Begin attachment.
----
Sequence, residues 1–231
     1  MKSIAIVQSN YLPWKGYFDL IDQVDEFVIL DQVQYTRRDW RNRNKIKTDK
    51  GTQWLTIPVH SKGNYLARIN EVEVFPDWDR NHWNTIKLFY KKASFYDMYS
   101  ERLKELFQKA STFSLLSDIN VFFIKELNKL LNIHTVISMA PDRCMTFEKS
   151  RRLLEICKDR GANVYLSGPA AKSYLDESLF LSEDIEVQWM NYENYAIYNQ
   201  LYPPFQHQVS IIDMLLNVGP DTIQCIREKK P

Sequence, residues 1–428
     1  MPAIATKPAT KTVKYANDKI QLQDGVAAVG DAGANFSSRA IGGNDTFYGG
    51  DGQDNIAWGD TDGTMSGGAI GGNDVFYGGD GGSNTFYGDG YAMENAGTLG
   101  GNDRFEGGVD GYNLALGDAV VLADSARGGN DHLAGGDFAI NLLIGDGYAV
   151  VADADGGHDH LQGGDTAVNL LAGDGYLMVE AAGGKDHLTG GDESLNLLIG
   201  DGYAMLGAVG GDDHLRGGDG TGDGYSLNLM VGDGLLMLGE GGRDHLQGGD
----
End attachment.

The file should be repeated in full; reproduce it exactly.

Sequence, residues 1–231
     1  MKSIAIVQSN YLPWKGYFDL IDQVDEFVIL DQVQYTRRDW RNRNKIKTDK
    51  GTQWLTIPVH SKGNYLARIN EVEVFPDWDR NHWNTIKLFY KKASFYDMYS
   101  ERLKELFQKA STFSLLSDIN VFFIKELNKL LNIHTVISMA PDRCMTFEKS
   151  RRLLEICKDR GANVYLSGPA AKSYLDESLF LSEDIEVQWM NYENYAIYNQ
   201  LYPPFQHQVS IIDMLLNVGP DTIQCIREKK P

Sequence, residues 1–428
     1  MPAIATKPAT KTVKYANDKI QLQDGVAAVG DAGANFSSRA IGGNDTFYGG
    51  DGQDNIAWGD TDGTMSGGAI GGNDVFYGGD GGSNTFYGDG YAMENAGTLG
   101  GNDRFEGGVD GYNLALGDAV VLADSARGGN DHLAGGDFAI NLLIGDGYAV
   151  VADADGGHDH LQGGDTAVNL LAGDGYLMVE AAGGKDHLTG GDESLNLLIG
   201  DGYAMLGAVG GDDHLRGGDG TGDGYSLNLM VGDGLLMLGE GGRDHLQGGD